Every time the Federal Motor Carrier Safety Administration (FMCSA) creates (or changes) regulations that affect professional drivers, I hear complaints that they are the safe drivers and someone needs to educate the motoring public. These drivers feel as if the rules should apply to all drivers and not just those in 18-wheelers.
What they don’t understand is that the FMCSA CANNOT regulate cars. They were designed to regulate trucks and busses, and that’s why they have “Motor Carrier” in their name. The states have more authority to regulate automobiles, but the only federal agency that creates rules to govern cars is the National Highway Transportation Safety Administration.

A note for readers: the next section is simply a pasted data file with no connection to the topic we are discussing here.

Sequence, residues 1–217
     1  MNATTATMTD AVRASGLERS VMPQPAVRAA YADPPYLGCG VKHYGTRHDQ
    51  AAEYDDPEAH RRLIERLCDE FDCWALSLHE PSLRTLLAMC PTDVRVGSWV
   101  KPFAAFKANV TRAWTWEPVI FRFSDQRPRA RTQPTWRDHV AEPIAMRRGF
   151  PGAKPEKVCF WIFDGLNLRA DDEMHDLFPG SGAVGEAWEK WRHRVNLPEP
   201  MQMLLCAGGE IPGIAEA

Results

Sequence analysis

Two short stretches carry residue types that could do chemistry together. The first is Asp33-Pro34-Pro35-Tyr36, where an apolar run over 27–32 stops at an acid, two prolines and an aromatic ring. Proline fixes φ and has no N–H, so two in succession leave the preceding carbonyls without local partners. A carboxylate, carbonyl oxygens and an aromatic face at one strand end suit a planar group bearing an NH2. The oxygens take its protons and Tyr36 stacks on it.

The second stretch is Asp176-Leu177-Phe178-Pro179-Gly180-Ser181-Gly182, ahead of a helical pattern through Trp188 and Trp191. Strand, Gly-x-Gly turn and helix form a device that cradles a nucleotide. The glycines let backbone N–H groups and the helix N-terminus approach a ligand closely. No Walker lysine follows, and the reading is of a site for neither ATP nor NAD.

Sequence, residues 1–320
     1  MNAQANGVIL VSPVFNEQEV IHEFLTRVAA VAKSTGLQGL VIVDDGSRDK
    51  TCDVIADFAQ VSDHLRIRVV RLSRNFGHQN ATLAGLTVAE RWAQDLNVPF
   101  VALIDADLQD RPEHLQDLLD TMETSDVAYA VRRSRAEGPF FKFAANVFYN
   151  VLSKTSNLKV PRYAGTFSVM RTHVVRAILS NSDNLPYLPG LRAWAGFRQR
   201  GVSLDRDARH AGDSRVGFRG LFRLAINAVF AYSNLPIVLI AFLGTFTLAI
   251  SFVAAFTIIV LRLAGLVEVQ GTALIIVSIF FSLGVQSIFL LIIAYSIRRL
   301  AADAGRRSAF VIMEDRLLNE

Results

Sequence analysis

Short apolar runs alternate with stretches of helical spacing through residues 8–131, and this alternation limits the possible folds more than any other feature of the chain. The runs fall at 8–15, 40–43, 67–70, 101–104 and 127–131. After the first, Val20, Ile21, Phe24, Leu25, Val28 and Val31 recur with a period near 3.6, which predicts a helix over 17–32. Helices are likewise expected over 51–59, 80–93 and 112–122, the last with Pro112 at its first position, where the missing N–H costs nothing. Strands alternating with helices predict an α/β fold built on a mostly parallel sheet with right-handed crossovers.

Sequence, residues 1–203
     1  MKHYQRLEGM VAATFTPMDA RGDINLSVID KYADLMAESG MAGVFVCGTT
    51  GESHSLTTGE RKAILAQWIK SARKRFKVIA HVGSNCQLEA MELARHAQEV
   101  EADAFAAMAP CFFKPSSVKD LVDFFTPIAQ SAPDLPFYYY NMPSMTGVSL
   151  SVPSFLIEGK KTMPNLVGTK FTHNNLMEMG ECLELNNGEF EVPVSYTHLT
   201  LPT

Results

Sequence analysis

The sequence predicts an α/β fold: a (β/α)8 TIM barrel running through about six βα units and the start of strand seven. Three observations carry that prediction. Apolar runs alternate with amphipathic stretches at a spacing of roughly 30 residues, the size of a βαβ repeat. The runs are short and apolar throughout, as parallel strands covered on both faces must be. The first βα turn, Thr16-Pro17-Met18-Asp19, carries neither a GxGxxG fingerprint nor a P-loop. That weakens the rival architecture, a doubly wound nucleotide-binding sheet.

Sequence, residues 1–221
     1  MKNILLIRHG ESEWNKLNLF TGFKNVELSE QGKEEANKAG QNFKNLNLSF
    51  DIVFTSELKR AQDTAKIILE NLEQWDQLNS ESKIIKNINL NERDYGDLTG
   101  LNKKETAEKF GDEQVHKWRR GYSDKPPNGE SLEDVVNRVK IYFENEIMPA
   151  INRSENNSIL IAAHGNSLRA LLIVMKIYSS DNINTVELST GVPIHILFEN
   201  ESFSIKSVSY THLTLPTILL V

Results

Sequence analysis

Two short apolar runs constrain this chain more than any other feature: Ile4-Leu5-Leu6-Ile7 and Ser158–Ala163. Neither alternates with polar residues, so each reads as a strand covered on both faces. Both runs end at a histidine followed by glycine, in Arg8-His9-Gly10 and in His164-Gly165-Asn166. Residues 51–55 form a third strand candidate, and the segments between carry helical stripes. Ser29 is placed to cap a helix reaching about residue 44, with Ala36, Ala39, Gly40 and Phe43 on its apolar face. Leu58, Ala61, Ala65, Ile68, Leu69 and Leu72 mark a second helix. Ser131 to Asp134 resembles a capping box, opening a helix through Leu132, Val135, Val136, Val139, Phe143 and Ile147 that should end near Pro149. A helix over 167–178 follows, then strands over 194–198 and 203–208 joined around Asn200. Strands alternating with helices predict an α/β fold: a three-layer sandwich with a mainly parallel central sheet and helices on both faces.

This week I traveled to Australia to speak at a conference. On my flight from Sydney to Perth, I was pulled aside for additional screening for explosives. The agent passed a wand over my luggage, my shoes and my hands. He then put the wand into a reader before he let me go. I thanked him for doing his job and went on my way.
On my return flight, I was again “selected” for additional screening and went through the process again. I made a point to thank the agent for doing his job.
Many people would feel inconvenienced for being pulled aside for additional screening. However, these people are only doing their job. They are asked to pick travelers at random and check them for explosives. Did I enjoy the process? No . Did I appreciate the delay? No . However, I did appreciate the fact that these people were helping to keep us all safe by looking for potential explosive material. Continue reading →